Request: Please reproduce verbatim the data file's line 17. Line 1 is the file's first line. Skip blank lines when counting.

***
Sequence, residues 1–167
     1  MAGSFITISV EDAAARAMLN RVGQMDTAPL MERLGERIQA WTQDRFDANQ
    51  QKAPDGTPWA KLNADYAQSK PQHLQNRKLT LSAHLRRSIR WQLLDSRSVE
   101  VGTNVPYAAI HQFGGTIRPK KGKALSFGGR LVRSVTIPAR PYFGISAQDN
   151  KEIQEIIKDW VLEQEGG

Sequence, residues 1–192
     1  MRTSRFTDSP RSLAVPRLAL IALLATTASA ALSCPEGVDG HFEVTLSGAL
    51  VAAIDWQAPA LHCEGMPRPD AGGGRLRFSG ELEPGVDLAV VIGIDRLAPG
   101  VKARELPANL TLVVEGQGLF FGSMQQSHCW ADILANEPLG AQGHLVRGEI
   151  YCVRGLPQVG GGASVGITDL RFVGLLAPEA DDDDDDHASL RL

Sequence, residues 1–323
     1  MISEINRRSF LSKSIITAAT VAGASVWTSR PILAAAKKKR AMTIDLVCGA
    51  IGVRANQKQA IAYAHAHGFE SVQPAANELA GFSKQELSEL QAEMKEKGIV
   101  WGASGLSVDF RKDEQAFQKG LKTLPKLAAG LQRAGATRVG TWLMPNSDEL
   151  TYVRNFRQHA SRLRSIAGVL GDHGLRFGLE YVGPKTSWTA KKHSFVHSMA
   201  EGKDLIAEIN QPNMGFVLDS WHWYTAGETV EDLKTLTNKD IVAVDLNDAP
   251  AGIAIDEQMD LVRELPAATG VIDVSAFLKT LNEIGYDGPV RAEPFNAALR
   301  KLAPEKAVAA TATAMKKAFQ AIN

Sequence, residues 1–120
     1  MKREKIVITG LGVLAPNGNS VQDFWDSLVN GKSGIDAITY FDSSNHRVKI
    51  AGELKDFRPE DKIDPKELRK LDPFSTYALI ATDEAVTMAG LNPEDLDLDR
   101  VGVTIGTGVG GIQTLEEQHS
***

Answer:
   251  AGIAIDEQMD LVRELPAATG VIDVSAFLKT LNEIGYDGPV RAEPFNAALR